For this article, I took a similar approach to the conversion in the opposite direction — from binary floating-point to decimal string. I wrote a small C program that combines two mathematically correct algorithms: the classic “repeated division by ten” algorithm to convert integer values, and the classic “repeated multiplication by ten” algorithm to convert fractional values. The program uses double-precision floating-point arithmetic, so like its quick and dirty decimal to floating-point counterpart, its conversions are not always correct — though reasonably accurate. I’ll present the program and analyze some example conversions, both correct and incorrect.

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Inconsistent Rounding of Printed Floating-Point Numbers

What does this C program print?

#include <stdio.h>
int main (void)
 printf ("%.1f\n",0.25);

The answer depends on which compiler you use. If you compile the program with Visual C++ and run on it on Windows, it prints 0.3; if you compile it with gcc and run it on Linux, it prints 0.2.

The compilers — actually, their run time libraries — are using different rules to break decimal rounding ties. The two-digit number 0.25, which has an exact binary floating-point representation, is equally near two one-digit decimal numbers: 0.2 and 0.3; either is an acceptable answer. Visual C++ uses the round-half-away-from-zero rule, and gcc (actually, glibc) uses the round-half-to-even rule, also known as bankers’ rounding.

This inconsistency of printed output is not limited to C — it spans many programming environments. In all, I tested fixed-format printing in nineteen environments: in thirteen of them, round-half-away-from-zero was used; in the remaining six, round-half-to-even was used. I also discovered an anomaly in some environments: numbers like 0.15 — which look like halfway cases but are actually not when viewed in binary — may be rounded incorrectly. I’ll report my results in this article.

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Double Rounding Errors in Floating-Point Conversions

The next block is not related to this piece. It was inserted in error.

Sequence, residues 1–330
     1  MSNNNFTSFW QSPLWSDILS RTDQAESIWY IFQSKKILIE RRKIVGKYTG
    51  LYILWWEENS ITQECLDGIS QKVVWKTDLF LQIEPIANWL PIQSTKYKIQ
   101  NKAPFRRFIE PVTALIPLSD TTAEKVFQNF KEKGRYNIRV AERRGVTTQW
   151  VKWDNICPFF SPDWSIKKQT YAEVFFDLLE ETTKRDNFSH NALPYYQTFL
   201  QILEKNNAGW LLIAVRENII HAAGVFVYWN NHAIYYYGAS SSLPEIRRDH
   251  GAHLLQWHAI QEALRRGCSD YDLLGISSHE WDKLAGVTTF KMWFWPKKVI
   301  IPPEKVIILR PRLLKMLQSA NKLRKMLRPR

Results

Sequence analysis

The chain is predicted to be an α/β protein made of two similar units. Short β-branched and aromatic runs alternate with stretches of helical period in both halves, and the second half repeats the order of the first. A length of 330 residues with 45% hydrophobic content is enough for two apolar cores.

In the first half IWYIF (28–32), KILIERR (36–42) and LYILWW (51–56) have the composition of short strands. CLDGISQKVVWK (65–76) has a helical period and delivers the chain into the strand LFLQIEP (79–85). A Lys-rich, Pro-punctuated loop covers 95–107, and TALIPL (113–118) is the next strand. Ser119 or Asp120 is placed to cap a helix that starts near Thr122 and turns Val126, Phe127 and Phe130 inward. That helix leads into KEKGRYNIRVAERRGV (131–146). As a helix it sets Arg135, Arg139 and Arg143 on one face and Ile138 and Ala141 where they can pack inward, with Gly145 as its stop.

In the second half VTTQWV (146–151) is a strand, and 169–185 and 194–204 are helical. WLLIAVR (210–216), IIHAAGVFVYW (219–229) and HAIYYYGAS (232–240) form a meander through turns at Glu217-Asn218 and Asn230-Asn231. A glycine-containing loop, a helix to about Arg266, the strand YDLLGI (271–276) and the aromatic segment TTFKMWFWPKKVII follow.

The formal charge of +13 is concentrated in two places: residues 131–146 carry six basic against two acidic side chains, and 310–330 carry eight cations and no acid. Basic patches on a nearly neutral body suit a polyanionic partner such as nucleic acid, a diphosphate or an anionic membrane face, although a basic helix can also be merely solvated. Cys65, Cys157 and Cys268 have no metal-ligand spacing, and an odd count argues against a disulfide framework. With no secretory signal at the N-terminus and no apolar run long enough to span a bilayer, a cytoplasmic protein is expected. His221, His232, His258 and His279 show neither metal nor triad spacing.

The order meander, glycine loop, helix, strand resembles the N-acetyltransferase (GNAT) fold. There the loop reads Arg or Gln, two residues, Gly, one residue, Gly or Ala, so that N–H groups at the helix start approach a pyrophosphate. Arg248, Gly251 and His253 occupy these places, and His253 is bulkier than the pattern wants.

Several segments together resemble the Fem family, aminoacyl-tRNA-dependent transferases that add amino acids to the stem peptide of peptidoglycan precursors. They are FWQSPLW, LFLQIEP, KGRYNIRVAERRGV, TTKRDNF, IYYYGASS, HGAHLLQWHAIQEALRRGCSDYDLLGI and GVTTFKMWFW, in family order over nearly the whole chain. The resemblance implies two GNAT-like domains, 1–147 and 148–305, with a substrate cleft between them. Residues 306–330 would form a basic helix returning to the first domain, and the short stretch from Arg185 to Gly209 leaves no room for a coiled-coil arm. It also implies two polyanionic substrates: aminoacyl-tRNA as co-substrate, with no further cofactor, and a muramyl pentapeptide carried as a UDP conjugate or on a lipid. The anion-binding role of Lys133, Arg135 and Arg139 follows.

Double rounding is when a number is rounded twice, first from n0 digits to n1 digits, and then from n1 digits to n2 digits. Double rounding is often harmless, giving the same result as rounding once, directly from n0 digits to n2 digits. However, sometimes a doubly rounded result will be incorrect, in which case we say that a double rounding error has occurred.

For example, consider the 6-digit decimal number 7.23496. Rounded directly to 3 digits — using round-to-nearest, round half to even rounding — it’s 7.23; rounded first to 5 digits (7.2350) and then to 3 digits it’s 7.24. The value 7.24 is incorrect, reflecting a double rounding error.

In a computer, double rounding occurs in binary floating-point arithmetic; the typical example is a calculated result that’s rounded to fit into an x87 FPU extended precision register and then rounded again to fit into a double-precision variable. But I’ve discovered another context in which double rounding occurs: conversion from a decimal floating-point literal to a single-precision floating-point variable. The double rounding is from full-precision binary to double-precision, and then from double-precision to single-precision.

In this article, I’ll show example conversions in C that are tainted by double rounding errors, and how attaching the ‘f’ suffix to floating-point literals prevents them — in gcc C at least, but not in Visual C++!

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Incorrect Directed Conversions in David Gay’s strtod()

For correctly rounded decimal to floating-point conversions, many open source projects rely on David Gay’s strtod() function. In the default rounding mode, IEEE 754 round-to-nearest, this function is known to give correct results (notwithstanding recent bugs, which have been fixed). However, in the less frequently used IEEE 754 directed rounding modes — round toward positive infinity, round toward negative infinity, and round toward zero — strtod() gives incorrectly rounded results for some inputs.

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Visual C++ and GLIBC strtod() Ignore Rounding Mode

When a decimal number is converted to a binary floating-point number, the floating-point number, in general, is only an approximation to the decimal number. Large integers, and most decimal fractions, require more significant bits than can be represented in the floating-point format. This means the decimal number must be rounded, to one of the two floating-point numbers that surround it.

Common practice considers a decimal number correctly rounded when the nearest of the two floating-point numbers is chosen (and when both are equally near, when the one with significant bit number 53 equal to 0 is chosen). This makes sense intuitively, and also reflects the default IEEE 754 rounding mode — round-to-nearest. However, there are three other IEEE 754 rounding modes, which allow for directed rounding: round toward positive infinity, round toward negative infinity, and round toward zero. For a conversion to be considered truly correctly rounded, it must honor all four rounding modes — whichever is currently in effect.

I evaluated the Visual C++ and glibc strtod() functions under the three directed rounding modes, like I did for round-to-nearest mode in my articles “Incorrectly Rounded Conversions in Visual C++” and “Incorrectly Rounded Conversions in GCC and GLIBC”. What I discovered was this: they only convert correctly about half the time — pure chance! — because they ignore the rounding mode altogether.